6. Sound energy is a form of mechanical energy that starts with a vibration in matter. For example, the singer’s voice starts with vibrations of his vocal cords, which are folds of tissue in his throat. The vibrations pass to surrounding particles of matter and then from one particle to another in waves. Sound waves can travel through air, water, and other substances, but not through empty space.

7. Nuclear energy is energy that is stored in the nuclei of atoms because of the strong forces that hold the nucleus together. The energy can be released in nuclear power plants by splitting nuclei apart. It is also released when unstable (radioactive) nuclei break down, or decay.

Q: The fans at a rock concert also produce or use several forms of energy. What are they?

A: The fans see the concert because of electromagnetic energy (light) that enters their eyes from the well-lit musicians on stage. They hear the music because of the sound energy that reaches their ears from the amplifiers. They use mechanical energy when they clap their hands and jump from their seats in excitement. Their bodies generate thermal energy , using the chemical energy stored in food they have eaten.

Summary

  • Energy, or the ability to cause changes in matter, can exist in many different forms. Energy can also change from one form to another.
  • Forms of energy include mechanical, chemical, electrical, electromagnetic, thermal, sound, and nuclear energy.

Vocabulary

  • chemical energy : Energy that is stored in the bonds between atoms that make up compounds.
  • electrical energy : Energy of moving electrons.
  • electromagnetic energy : Energy, such as sunlight, that travels across space or through matter as electric and magnetic waves.
  • energy : Ability to cause changes in matter, or ability to do work.
  • mechanical energy : Energy of an object that is moving or has the potential to move; calculated as the sum of an object’s kinetic and potential energy.
  • nuclear energy : Energy released in a nuclear reaction (nuclear fission or nuclear fusion).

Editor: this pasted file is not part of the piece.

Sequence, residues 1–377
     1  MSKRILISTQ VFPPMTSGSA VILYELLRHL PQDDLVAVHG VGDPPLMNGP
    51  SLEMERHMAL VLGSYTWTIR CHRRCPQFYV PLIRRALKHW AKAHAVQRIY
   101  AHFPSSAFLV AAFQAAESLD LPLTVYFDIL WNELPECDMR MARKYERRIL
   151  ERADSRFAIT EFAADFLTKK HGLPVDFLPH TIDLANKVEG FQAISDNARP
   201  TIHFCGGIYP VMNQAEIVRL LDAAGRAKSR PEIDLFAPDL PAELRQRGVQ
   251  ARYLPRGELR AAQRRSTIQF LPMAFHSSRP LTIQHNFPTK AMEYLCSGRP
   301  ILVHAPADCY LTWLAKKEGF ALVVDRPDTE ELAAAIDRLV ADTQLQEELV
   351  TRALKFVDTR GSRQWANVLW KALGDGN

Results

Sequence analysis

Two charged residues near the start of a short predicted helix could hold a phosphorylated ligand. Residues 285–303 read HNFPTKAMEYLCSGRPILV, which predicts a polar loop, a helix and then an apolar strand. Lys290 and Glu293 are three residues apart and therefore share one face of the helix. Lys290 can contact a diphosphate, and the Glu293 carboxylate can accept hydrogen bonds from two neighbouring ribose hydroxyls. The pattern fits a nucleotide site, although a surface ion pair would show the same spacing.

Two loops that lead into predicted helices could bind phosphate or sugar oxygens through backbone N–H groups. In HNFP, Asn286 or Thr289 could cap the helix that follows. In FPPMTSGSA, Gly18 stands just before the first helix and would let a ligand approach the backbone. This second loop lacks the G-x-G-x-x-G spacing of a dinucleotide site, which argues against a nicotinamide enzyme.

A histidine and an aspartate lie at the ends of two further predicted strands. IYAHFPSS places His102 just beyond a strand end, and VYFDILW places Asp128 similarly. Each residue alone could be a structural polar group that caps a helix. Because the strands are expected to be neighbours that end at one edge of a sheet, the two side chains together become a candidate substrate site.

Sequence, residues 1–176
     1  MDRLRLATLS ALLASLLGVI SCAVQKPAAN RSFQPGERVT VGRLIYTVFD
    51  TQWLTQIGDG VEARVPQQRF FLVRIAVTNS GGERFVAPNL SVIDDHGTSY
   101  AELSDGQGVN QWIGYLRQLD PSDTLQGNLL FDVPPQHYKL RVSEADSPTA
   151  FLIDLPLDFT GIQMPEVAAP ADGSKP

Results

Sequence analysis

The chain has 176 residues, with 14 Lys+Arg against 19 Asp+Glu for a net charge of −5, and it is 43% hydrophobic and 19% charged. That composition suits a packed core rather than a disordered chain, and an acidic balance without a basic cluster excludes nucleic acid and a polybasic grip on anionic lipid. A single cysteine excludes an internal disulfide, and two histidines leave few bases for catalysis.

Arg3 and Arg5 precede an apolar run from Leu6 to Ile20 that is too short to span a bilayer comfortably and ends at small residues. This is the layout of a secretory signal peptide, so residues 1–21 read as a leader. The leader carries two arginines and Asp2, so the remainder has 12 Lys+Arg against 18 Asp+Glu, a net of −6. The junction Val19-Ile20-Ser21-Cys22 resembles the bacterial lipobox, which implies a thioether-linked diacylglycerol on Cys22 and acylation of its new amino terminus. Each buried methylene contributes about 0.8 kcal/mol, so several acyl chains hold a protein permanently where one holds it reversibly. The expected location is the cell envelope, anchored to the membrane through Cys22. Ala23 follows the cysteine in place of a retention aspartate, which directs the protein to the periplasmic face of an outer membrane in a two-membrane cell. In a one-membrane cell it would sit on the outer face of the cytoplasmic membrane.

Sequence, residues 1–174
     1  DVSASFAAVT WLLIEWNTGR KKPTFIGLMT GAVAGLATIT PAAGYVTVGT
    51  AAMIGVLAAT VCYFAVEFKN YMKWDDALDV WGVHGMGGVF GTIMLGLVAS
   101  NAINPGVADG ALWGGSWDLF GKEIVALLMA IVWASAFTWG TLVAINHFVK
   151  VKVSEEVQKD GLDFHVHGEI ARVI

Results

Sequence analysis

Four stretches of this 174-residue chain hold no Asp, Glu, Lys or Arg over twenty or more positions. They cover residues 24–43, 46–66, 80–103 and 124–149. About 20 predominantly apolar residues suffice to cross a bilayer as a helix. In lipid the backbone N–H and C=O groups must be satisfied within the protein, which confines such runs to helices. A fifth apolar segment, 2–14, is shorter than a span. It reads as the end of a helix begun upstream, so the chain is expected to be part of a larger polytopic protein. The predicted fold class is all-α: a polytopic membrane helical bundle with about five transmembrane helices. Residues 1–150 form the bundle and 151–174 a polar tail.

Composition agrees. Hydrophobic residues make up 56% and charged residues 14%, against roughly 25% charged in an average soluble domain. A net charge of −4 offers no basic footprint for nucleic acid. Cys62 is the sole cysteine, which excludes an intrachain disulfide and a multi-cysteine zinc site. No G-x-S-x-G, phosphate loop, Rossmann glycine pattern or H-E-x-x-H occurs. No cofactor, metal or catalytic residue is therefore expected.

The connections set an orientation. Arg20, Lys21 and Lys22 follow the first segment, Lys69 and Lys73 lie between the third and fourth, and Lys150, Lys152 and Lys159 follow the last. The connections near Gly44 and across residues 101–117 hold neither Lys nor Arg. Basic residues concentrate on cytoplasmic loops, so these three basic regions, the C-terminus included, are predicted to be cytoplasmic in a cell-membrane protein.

• sound energy : Energy that travels in waves through matter from a vibrating object.
  • thermal energy : Total kinetic energy of all the atoms that make up an object.

Practice

Check your knowledge of forms of energy with the game at this URL: http://player.discoveryeducation.com/views/hhView.cfm?guidAssetId=85592183-A6EE-42A8-8CFC-201BDE51DF1A&skin=siemens

Review

  1. Make a table of forms of energy. In your table, list and define five of the forms of energy described in this article. Include an example of each form.
  2. Identify three different forms of energy represented by the Figure below .

Vocabulary

chemical energy

chemical energy

Energy that is stored in the bonds between atoms that make up compounds.
electrical energy

electrical energy

Energy of moving electrons.
electromagnetic energy

electromagnetic energy

Energy, such as sunlight, that travels across space or through matter as electric and magnetic waves.
energy

energy

Ability to cause changes in matter, or ability to do work.
mechanical energy

mechanical energy

Energy of an object that is moving or has the potential to move; calculated as the sum of an object’s kinetic and potential energy.
nuclear energy

nuclear energy

Energy released in a nuclear reaction (nuclear fission or nuclear fusion).
sound energy

sound energy

Energy that travels in waves through matter from a vibrating object.
thermal energy

thermal energy

Total kinetic energy of all the atoms that make up an object.